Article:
In a suit filed Sept. 15 in Calhoun County Circuit Court, he asserts that the Calhoun County Board of Registrars violated his constitutional rights because it did not give him a hearing before changing his voting address. Early this month, the board notified Bearden of the address change after it ruled he lives at his Anniston farm, instead of the Weaver residence he claims as his primary residence.
“Their effort and goal was to move my eligibility to serve as mayor,” Bearden said.
The board contends that it followed procedure in conducting the investigation, which was prompted by an inquiry from an individual resident.
Bearden is asking for a judge and jury to make a ruling that would overturn the board’s decision and award him money for legal expenses and damages. If the decision isn’t overturned, it could affect Bearden’s ability to run for mayor in the future. Elected municipal officials are prohibited by Alabama law from serving in a city they do not live in.
The dispute over his residence first came into question preceding the mayoral election in 2008. It was raised again early this year, and has since drawn attention at public city meetings. Bearden, a candidate for House District 36, suspects that the timing of the renewed questioning is politically motivated.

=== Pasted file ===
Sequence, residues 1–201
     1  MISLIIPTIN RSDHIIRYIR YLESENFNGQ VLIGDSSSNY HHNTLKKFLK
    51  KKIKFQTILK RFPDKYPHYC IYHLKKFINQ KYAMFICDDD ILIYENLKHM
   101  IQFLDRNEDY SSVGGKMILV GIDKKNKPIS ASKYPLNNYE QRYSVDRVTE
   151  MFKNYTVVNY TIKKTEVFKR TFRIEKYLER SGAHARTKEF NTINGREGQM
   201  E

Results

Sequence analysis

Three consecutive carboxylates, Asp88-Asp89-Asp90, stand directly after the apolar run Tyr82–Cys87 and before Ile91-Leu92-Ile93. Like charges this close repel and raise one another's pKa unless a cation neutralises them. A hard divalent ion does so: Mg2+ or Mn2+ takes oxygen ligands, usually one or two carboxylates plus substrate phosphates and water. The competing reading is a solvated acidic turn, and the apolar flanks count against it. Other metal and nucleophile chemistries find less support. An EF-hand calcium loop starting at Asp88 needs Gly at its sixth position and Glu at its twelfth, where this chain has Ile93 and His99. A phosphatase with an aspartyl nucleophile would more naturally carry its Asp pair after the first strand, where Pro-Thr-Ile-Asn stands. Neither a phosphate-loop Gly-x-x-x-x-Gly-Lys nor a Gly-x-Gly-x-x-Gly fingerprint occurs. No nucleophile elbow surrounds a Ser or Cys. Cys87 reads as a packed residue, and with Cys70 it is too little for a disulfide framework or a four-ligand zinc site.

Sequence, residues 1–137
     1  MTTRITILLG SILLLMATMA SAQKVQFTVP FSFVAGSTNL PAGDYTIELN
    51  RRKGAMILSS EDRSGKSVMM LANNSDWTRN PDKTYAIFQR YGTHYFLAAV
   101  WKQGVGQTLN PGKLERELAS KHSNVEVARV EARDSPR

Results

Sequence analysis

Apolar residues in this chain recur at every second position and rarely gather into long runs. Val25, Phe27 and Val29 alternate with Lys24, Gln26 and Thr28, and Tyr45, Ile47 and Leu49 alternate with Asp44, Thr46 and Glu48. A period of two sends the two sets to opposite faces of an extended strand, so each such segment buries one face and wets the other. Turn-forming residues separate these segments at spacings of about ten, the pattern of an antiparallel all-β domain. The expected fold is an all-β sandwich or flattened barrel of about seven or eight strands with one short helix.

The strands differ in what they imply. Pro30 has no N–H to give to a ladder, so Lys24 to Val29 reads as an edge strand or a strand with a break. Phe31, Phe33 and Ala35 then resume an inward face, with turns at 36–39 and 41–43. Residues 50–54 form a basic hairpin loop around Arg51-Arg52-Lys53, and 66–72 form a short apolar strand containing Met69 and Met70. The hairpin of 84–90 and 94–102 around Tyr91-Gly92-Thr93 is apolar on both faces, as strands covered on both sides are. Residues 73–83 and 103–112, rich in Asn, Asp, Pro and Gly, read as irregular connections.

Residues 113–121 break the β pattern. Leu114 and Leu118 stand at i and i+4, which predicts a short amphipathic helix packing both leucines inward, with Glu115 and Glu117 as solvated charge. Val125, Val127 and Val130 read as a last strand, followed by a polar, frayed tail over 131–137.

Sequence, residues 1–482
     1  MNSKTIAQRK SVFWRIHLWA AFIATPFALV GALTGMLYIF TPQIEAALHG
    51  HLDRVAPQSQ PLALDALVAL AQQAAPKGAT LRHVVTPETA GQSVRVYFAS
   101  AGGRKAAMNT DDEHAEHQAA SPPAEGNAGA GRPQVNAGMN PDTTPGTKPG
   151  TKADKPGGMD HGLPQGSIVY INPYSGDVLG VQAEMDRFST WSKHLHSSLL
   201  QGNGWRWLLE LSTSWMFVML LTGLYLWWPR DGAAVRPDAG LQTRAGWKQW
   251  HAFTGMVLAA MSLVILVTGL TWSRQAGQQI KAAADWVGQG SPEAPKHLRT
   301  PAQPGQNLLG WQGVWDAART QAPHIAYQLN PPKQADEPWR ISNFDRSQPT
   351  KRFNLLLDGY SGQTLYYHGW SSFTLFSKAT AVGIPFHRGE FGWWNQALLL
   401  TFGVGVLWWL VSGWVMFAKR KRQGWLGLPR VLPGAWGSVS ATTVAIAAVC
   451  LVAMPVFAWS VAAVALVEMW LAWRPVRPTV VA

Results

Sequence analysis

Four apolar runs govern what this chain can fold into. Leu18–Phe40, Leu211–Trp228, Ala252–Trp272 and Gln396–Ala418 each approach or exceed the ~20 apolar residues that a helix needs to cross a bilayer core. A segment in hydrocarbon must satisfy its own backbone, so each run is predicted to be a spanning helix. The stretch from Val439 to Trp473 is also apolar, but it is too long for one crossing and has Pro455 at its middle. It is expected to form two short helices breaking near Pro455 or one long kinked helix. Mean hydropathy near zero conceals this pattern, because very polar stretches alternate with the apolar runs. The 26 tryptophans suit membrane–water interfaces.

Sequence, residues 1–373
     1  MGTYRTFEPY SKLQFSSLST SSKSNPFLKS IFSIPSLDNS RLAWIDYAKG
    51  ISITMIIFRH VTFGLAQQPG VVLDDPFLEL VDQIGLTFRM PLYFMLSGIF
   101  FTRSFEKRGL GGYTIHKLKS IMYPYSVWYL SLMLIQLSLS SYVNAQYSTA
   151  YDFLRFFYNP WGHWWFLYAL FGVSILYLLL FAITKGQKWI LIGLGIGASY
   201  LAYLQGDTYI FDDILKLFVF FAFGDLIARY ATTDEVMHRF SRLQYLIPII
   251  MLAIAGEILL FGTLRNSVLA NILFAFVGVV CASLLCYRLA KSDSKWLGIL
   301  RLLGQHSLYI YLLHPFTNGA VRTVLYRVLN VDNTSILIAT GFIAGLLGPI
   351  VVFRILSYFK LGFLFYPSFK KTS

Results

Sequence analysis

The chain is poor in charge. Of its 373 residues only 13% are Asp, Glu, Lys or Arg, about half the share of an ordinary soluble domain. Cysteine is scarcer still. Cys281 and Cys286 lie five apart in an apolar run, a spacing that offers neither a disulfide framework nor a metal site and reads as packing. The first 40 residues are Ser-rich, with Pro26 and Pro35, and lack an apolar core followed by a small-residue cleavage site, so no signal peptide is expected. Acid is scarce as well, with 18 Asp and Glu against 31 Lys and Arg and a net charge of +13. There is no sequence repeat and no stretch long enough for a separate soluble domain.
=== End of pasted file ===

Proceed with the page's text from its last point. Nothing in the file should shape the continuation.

“The intent of Bearden’s political opponents is to embarrass him by removing him from office,” the suit states.
However, others state the allegation stems from his declaration of candidacy for the Democratic nomination for the District 36 state House seat. In January 2010, Bearden reportedly filed and signed a document stating his declaration using the Weaver Road address in Anniston.
Days after receiving notification of the address change, his attorney, Gene Rutledge, filed a federal suit and requested a restraining order in federal court on Bearden’s behalf. He withdrew the federal suit after a judge ruled that the address change, in and of itself, could not remove Bearden from office. That ruling also stated that further action would be needed before Bearden could be stripped of the ability to serve as mayor.
On Sept. 15, Bearden sent a letter to the Board of Registrars stating that the board should change his address back to the 1200 Ridge Drive residence in Weaver that he originally registered to vote under. Bearden says he spends time at the Weaver Road residence, but that his legal home is at 1200 Ridge Drive, which is has been, he said, since he purchased his home there in 1977. Bearden said he also has two businesses in Weaver and raised his family there.
“I am as much a part of Weaver as anybody is a part of Weaver, maybe a little more so because I don’t just come to Weaver and sit down,” he said. “I choose to give of myself.”
He states that his domicile, which is the legal term used for a primary residence, is in Weaver and has been for more than 30 years. According to Alabama law a domicile can’t be lost or acquired by a temporary absence.
“Am I going to be in Montgomery? Am I going to be in Weaver? Am I going to be on the hobby farm two years from now?” Bearden said. “I don’t know.”
Contact staff writer Laura Johnson at 256-235-3544.